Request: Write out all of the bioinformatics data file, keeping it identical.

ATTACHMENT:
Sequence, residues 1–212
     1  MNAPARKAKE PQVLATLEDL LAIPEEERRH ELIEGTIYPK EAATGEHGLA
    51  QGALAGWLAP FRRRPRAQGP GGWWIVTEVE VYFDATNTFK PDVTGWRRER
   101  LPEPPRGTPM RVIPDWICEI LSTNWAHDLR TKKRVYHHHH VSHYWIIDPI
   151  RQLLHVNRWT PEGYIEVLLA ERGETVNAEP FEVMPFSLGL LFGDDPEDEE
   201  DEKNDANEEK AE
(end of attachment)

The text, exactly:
Sequence, residues 1–212
     1  MNAPARKAKE PQVLATLEDL LAIPEEERRH ELIEGTIYPK EAATGEHGLA
    51  QGALAGWLAP FRRRPRAQGP GGWWIVTEVE VYFDATNTFK PDVTGWRRER
   101  LPEPPRGTPM RVIPDWICEI LSTNWAHDLR TKKRVYHHHH VSHYWIIDPI
   151  RQLLHVNRWT PEGYIEVLLA ERGETVNAEP FEVMPFSLGL LFGDDPEDEE
   201  DEKNDANEEK AE